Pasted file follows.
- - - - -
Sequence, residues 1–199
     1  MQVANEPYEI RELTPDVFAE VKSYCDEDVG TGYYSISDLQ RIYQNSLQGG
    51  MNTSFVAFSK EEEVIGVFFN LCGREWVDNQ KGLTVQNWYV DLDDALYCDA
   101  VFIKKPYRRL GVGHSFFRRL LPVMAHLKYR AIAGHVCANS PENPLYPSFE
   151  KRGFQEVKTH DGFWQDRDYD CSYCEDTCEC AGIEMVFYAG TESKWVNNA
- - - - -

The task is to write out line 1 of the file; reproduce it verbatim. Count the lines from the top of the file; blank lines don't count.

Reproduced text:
Sequence, residues 1–199